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Locked down but not out in Italy

Singing from the balconies! One nice thing about this crisis ... solidarity! “Guess you’re not living like a tourist anymore,” was the funny, truthful and somewhat gut-wrenching message of a friend the day the lockdown in Italy began. Today is day 6. My beloved Italia has been hit hard with the COVID19 epidemic. With the second largest elderly population in the world, the epidemic has meant a disproportionate amount of deaths in the country. So though I haven’t been worried about contracting it myself, this isn’t about me or someone like me who, if contracted it would probably have a sucky couple of weeks and then recover. It is about if someone like me contracted it and then spread it to a person with a complicated health history or an elderly person with a weakened immune system. Eerily orderly: Lines for the grocery store, each person one meter apart In a country with no concept (and no physical room really) for personal space, and in a city with reproachable hygie

Food: For more than Food's Sake

One of the best things about traveling is tasting the different types of food. As I have already mentioned, I am not a “foodie” in the classic sense of the word. I don’t know the top chefs. I don’t watch the Food Network. I don’t follow cooking blogs, and I don’t particularly care what the current trends in cooking are.

Experimentation and experience: that is my philosophy on food. This theory often makes my own cooking hit-or-miss and my baking a total disaster. However, I have more fun trying out something different than ending up with a delectable result. This is true whether at home or at a restaurant.

I often differ with friends and family members on this topic. Shockingly, it turns out that some people care more about what the food tastes like than about having an interesting experience. Hmm- makes sense in a way. It is certainly one way to look at it… But I don’t. Of course, when I go out to eat, I prefer that the food not be revolting, but if the setting is nice, the music is good and I am trying out something new, mediocre food is not a disappoint to me.

Lentils, Avocado and Tomatoes: lunch in Morocco

I remember clearly butting heads with a college friend on this point. He chose the restaurant based solely on the quality of food, and not even all of its food, only certain dishes. The restaurant could be (and usually was) solely white walls, bare tables, rickety chairs, the occasional potted plant and (I presume) a kitchen. He liked approximately 3 restaurants out of the 1,200 in Atlanta, and he would only eat select, pre-determined dishes at each of those three. We are exact opposites.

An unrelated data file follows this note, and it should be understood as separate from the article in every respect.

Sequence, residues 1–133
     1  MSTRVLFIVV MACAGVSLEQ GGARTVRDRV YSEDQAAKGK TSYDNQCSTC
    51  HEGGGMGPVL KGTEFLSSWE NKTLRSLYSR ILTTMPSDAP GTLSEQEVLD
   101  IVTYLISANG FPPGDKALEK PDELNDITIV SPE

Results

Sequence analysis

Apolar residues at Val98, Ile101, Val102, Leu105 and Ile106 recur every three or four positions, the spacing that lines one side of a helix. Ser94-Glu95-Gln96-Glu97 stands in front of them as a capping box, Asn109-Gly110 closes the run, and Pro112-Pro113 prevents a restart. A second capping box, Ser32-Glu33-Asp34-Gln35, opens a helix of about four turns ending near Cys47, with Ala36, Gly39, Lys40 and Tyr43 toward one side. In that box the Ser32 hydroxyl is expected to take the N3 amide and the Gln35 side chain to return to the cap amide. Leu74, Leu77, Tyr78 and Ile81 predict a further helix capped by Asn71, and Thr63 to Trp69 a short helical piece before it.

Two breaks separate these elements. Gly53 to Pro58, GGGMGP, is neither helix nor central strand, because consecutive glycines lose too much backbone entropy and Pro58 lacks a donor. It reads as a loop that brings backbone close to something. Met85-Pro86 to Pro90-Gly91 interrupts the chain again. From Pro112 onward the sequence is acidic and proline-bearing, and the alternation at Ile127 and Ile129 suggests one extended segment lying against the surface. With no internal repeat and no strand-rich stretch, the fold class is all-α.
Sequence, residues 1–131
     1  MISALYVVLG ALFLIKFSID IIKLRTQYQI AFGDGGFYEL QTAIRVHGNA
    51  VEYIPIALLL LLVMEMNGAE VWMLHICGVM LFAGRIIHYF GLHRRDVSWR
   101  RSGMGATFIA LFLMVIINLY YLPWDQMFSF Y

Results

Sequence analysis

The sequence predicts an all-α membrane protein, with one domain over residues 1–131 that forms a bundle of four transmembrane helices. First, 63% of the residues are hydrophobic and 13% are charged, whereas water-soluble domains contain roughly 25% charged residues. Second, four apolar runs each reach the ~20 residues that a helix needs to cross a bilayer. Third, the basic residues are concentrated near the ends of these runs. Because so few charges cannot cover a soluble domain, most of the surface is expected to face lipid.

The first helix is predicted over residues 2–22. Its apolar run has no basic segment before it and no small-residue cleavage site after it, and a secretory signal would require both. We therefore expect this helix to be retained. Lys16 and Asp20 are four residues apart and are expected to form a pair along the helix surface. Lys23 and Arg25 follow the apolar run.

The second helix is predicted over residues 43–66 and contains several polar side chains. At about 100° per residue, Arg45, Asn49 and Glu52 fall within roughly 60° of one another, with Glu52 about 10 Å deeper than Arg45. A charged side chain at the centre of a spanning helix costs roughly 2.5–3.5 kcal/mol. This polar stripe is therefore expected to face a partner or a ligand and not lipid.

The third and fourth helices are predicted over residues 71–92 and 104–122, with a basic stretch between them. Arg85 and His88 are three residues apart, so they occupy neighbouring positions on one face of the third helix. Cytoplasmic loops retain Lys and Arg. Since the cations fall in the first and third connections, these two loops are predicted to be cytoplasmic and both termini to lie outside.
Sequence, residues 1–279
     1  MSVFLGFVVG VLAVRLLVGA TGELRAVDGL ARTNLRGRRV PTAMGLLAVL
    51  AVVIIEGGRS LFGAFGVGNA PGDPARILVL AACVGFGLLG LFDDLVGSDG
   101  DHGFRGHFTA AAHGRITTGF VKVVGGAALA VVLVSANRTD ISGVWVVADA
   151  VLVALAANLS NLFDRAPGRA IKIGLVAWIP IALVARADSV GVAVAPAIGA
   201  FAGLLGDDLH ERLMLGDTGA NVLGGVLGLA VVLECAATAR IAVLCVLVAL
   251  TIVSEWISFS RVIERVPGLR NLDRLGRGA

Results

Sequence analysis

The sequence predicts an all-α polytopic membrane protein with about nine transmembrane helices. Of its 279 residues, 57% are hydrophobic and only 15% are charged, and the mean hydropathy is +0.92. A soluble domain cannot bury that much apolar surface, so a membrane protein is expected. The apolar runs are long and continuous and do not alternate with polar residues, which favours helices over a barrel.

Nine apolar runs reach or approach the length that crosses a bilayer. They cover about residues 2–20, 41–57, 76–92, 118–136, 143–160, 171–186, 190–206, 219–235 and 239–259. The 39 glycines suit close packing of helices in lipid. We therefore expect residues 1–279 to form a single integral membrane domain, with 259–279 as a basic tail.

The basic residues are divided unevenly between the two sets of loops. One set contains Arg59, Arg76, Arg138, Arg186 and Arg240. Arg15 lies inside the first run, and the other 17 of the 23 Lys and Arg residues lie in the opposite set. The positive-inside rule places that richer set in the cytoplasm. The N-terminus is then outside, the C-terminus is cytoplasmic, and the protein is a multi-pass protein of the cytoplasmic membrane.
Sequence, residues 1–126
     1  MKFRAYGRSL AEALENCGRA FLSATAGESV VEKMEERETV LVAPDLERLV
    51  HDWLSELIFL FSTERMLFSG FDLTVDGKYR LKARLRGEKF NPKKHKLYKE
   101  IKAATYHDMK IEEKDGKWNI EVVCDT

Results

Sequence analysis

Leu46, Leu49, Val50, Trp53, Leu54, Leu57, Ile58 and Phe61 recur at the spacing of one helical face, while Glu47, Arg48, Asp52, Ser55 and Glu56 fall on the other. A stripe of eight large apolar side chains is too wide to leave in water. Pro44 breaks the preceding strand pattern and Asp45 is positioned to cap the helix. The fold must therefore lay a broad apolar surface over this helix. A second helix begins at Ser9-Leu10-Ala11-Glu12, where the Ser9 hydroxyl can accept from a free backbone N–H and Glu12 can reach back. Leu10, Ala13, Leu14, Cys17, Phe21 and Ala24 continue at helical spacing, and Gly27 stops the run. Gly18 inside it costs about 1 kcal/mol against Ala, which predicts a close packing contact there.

In contrast, I try every restaurant once, but I hesitate to return to one I have tried. Even less, if I make a return visit to a restaurant, I rarely order the same dish.

Vegetarian Sampler: Ethiopian Food in Chicago

Unlike many, I do not choose a restaurant based on ratings, stars or recommendations. I choose it on an interesting setting, innovative or foreign (to me) cuisine or any other aspect that might make dining there novel (live band, dancing waiters, flaming drinks… etc).

So, I often failed in convincing this friend to try any of “my” restaurants, and he in turn would have to drag me back to his. Even then, I would often go as a spectator instead of a participant in his dining choice- not being able to convince myself that it was worth spending money on a “boring” (i.e. already tried) meal.

Sri Lankan Food in NYC

Aside from the actual eating part which, I have said, is not top priority in my reasons to eat out, I see a restaurant as a type of living museum. Food holds so many clues into a type of culture. I love noticing the details of a place - the type of décor, the amount of décor, the music playing or lack thereof, how many waiters a place has, if the owner is there and if he/she is serving customers or supervising.

I like looking at the types of dishes, glasses and silverware- if there is too many of each kind or if you are expected, for example, to use one glass for all the liquids brought to the table. (Rome is famous for this).

Roman pizza with chicory, sun-dried tomatoes, pine nuts and raisins

I love scrutinizing the menu- what trends there are in the dishes, if they are all beef, all chicken or all pork meals, if there are a lot of vegetarian options, or if “vegetarian” means side dishes with the meat plucked out.

I notice the types of vegetables that are most common on the menu and whether or not they are in season. I inspect the ingredients most often used in cooking- olive oil, peanut oil, butter or lard.

My favorite is the spices. I love studying the menu to see what spices stand out the most: basil in Rome, rosemary in Tuscany, pepper and garlic in the U.S., paprika in Romania, cumin in Egypt. I try to distinguish the over-powering smell as you first walk into a restaurant.

I love seeing what desserts are homemade and what after-dinner drinks are drunk like water.

Semi-freddo alla menta con ciocolatto

As you can see, I have also picked up the habit of photographing my food. I will admit that I acquired this from 3 of my Asian friends. Yet, I find it a fantastic habit. If restaurants are a living museum of a place’s culture, and food is one method of understanding that culture than it deserves being captured just as much as any marble statue would. Why photograph a carved piece of stone that will never change and not a spaghetti alle vongole or feuilles de vigne on your plate that can never be exactly replicated?

Food can be for pleasure. Food can be for fuel. Food can even be for thought, but food is also for experience. Try something new on the menu... even if you spit it out in your napkin.